Beat the Devil

Synopsis: A quartet of international crooks -- Peterson, O'Hara, Ross and Ravello -- is stranded in Italy while their steamer is being repaired. With them are the Dannreuthers. The six are headed for Africa, presumably to sell vacuum cleaners but actually to buy land supposedly loaded with uranium. They are joined by others who apparently have similar designs.
Director(s): John Huston
Production: American Pop Classics
  1 win.
 
IMDB:
6.6
Rotten Tomatoes:
71%
APPROVED
Year:
1953
89 min
Website
72 Views

These are

four brilliant criminals

at the climax of

their most magnificent effort.

This effort began

six months ago in Portoverto,

where we were all

to board the ship for Africa,

and they were my...associates

in a quest for uranium,

an element not one of them

knew the first thing about,

except that they'd heard

you could get dough for it.

Big dough.

Who are-? I mean,

what do you suppose they are?

Businessmen.

Does it matter?

Well, if we're going to be

on a small boat with them

for weeks and weeks.

I only said they might be

fellow passengers.

Harry, we must beware

of those men.

They're desperate characters.

What makes you say that?

Not one of them looked

at my legs.

Good morning, Mrs. Dannreuther.

Good morning, Billy-Boy.

Care to join us

in a stroll?

Stir up the liver,

sweat out the toxins.

Help nature to help you.

Wouldn't dream of it.

Really, Billy,

you mustn't be so offhand

with Mr. Peterson.

If I were to treat him with more

than common politeness,

he'd misunderstand

and try to push me around.

Mr. Peterson is a bully.

- Billy, did you see this?

- Huh?

That man in London

has been killed.

What man?

"Paul Vanmeer,

"a high-ranking official

in the Colonial Office,

"was stabbed to death

early this morning

"by an unknown assailant

outside a club in Soho.

"This is the third crime

of violence

"to occur in that vicinity

within the past month."

What is it, Billy?

In heaven's name, Billy,

say something.

You understand, of course,

that Peterson arranged this.

It seems there's been a lot

of violence around there lately.

Oh, don't pretend to be a fool.

But look, Billy,

this happened

early Tuesday morning.

We'd all left London

well before that.

What about Jack Ross?

What about the Galloping Major?

But he only-

I thought he only stayed behind

to get that phone call

from Mombasa.

If it came through,

he'll be here this morning.

Well?

Don't get so excited.

Don't jump

to unpleasant conclusions.

Jump? They might as well

have drawn a map.

Why was Peterson worried

about Vanmeer?

What made him think

he was dangerous?

He was afraid Vanmeer

wouldn't stay bought.

He was afraid he'd get

the wind up after we'd gone.

He had visions

of him trotting upstairs

to his superiors

and announcing,

"I have certain information

that certain persons

are paid certain sums

of money-"

Don't talk so loud, Billy.

"- to obtain illegal rights

to certain mineral supplies."

That Indian-

That rajah or whatever he was.

- that you worked

for in the old days.

He killed a lot of people,

didn't he?

Ah, but he had a better style.

Besides,

he was out for a kingdom

half the size of France.

What's the difference between

that and millions of dollars?

We must think

of the future, Billy.

This is our big chance.

It may be our last.

Except for Mr. Peterson,

we couldn't even pay

last night's hotel bill.

Where are you going?

I'm going down to the caf,

drink a lot of Pernod,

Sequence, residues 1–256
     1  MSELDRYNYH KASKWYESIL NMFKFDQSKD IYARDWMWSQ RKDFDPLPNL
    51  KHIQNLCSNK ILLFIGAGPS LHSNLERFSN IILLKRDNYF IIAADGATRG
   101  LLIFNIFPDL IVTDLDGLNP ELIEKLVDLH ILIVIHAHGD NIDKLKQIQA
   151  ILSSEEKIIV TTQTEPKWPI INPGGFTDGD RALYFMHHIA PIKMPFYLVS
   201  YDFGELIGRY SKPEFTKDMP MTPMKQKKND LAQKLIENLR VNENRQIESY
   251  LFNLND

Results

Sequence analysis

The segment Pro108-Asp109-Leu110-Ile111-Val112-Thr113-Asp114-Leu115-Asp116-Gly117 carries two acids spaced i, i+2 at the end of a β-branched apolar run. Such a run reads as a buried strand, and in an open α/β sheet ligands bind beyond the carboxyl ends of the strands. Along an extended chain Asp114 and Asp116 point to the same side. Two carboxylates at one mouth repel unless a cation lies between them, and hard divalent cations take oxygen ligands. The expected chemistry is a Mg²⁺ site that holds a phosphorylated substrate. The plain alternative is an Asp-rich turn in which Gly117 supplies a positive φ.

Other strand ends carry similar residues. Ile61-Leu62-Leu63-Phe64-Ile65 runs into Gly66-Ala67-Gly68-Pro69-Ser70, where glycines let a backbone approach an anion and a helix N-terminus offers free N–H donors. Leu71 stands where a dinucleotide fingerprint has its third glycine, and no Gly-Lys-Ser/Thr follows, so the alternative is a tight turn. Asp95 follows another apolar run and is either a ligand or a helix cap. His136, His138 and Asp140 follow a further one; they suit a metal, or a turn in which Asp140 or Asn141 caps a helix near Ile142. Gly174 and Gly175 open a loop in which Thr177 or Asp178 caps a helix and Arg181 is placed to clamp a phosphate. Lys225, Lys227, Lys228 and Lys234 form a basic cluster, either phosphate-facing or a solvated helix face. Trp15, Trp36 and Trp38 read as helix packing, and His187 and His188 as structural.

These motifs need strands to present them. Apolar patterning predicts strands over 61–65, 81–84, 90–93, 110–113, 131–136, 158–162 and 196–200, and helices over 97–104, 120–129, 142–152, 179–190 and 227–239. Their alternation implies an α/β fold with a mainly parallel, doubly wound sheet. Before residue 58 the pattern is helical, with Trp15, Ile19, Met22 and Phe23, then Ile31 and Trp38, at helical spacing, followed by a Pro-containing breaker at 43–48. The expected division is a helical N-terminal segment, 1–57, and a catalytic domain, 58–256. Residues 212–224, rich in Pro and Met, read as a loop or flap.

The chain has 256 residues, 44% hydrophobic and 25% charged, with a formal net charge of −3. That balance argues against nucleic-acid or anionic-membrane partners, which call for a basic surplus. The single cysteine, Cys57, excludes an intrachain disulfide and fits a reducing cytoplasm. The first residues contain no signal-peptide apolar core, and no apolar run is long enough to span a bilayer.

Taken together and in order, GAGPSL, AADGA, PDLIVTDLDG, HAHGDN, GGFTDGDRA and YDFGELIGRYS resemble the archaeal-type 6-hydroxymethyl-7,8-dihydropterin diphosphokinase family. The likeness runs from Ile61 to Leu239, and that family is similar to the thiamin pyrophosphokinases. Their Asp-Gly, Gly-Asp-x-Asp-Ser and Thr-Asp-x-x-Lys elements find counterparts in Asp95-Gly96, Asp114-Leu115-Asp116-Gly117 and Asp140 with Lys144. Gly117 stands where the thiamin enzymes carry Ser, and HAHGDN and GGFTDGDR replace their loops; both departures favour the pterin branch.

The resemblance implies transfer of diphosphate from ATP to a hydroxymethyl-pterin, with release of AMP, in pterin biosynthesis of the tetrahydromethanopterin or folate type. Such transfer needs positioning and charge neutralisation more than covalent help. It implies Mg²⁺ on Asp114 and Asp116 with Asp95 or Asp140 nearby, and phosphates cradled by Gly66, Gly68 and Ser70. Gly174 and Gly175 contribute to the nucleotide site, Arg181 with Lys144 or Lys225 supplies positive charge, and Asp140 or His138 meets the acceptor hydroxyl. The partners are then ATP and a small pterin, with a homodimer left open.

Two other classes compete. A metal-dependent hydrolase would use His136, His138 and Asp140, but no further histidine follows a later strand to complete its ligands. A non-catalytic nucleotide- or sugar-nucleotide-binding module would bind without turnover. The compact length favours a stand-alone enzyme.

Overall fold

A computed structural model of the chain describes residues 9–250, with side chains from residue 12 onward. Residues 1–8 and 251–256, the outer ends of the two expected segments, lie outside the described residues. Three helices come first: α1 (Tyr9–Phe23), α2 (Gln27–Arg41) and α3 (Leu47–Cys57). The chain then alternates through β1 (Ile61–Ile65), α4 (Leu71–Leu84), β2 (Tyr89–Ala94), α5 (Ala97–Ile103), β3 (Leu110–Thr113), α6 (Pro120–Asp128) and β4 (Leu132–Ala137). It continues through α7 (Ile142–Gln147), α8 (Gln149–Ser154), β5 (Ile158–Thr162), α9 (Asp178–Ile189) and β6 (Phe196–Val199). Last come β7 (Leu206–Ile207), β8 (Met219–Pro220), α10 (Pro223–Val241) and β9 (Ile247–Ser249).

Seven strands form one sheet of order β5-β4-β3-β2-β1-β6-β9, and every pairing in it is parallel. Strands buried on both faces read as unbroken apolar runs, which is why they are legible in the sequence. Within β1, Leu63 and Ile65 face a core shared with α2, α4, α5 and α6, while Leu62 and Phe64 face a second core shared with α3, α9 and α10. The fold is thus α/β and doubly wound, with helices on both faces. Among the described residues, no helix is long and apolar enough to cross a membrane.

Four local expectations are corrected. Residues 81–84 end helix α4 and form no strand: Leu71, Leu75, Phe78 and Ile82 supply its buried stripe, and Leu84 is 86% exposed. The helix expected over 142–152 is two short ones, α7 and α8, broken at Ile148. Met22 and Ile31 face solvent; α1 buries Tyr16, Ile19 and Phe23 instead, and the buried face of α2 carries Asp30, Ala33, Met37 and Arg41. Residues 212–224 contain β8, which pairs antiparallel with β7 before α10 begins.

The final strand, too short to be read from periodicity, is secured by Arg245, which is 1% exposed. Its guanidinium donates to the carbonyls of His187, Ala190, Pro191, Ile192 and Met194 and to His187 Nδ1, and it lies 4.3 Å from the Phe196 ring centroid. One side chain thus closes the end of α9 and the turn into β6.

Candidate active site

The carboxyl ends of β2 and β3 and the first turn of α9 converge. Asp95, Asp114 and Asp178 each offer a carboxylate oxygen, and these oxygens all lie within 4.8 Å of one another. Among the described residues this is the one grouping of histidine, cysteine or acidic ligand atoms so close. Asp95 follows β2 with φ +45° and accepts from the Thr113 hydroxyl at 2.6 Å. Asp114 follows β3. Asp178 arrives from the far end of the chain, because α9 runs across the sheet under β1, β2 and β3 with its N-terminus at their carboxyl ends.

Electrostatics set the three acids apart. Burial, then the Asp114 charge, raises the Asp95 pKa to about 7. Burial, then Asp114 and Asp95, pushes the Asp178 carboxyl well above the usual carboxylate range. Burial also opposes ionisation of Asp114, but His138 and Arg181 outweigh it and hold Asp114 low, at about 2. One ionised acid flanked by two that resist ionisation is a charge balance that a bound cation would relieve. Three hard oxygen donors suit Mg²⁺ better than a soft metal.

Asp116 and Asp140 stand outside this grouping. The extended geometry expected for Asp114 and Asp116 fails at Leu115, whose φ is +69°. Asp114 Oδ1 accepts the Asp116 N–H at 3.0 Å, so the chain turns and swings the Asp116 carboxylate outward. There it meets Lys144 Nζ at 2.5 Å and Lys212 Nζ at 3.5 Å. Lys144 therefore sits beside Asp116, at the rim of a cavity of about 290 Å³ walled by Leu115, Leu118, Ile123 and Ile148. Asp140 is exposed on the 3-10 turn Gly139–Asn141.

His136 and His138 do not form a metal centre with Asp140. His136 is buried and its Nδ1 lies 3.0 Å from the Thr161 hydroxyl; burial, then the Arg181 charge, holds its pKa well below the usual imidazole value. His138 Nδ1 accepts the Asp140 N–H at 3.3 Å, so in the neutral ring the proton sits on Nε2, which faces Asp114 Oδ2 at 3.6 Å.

listen to the band.

You won't make a fuss,

will you?

It doesn't do

to make a fuss.

You have to think

of the main objective.

Naturally,

it doesn't do to be fussy.

It's your move,

Gwendolen.

Gracias.

The luggage is in there.

Bring it up.

Harry, look.

The desperadoes.

Shh.

Not quite

in our contract, Billy.

Hard liquor before noon.

I'm celebrating.

Celebrating what?

The safe arrival of the major.

He came galloping

in a minute ago,

looking tired

but satisfied.

I take it his mission

was accomplished.

Yes. Well, it's getting on

for lunchtime, gentlemen.

I'll see you later, Billy.

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Truman Capote

Truman Garcia Capote (; born Truman Streckfus Persons, September 30, 1924 – August 25, 1984) was an American novelist, short story writer, screenwriter, playwright, and actor. Many of Capote's short stories, novels, plays, and nonfiction are recognized as literary classics, including the novella Breakfast at Tiffany's (1958) and the true crime novel In Cold Blood (1966), which he labeled a "nonfiction novel". At least 20 films and television dramas have been produced from Capote novels, stories, and plays. Capote rose above a childhood troubled by divorce, a long absence from his mother, and multiple migrations. He had discovered his calling as a writer by the age of 8, and for the rest of his childhood he honed his writing ability. Capote began his professional career writing short stories. The critical success of one story, "Miriam" (1945), attracted the attention of Random House publisher Bennett Cerf, and resulted in a contract to write the novel Other Voices, Other Rooms (1948). Capote earned the most fame with In Cold Blood, a journalistic work about the murder of a Kansas farm family in their home. Capote spent four years writing the book aided by his lifelong friend Harper Lee, who wrote To Kill a Mockingbird (1960).A milestone in popular culture, In Cold Blood was the peak of Capote's literary career. In the 1970s, he maintained his celebrity status by appearing on television talk shows. more…

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Submitted on August 05, 2018

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"Beat the Devil" Scripts.com. STANDS4 LLC, 2019. Web. 15 Oct. 2019. <https://www.scripts.com/script/beat_the_devil_3755>.

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